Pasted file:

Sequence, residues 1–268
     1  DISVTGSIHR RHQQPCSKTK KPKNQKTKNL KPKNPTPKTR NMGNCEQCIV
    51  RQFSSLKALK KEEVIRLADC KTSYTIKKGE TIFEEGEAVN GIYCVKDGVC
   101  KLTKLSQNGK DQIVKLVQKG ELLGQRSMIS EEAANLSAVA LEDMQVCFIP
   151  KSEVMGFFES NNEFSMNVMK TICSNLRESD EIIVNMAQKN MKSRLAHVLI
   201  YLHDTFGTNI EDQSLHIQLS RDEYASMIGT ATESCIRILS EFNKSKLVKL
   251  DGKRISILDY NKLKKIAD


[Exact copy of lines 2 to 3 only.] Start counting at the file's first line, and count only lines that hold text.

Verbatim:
     1  DISVTGSIHR RHQQPCSKTK KPKNQKTKNL KPKNPTPKTR NMGNCEQCIV
    51  RQFSSLKALK KEEVIRLADC KTSYTIKKGE TIFEEGEAVN GIYCVKDGVC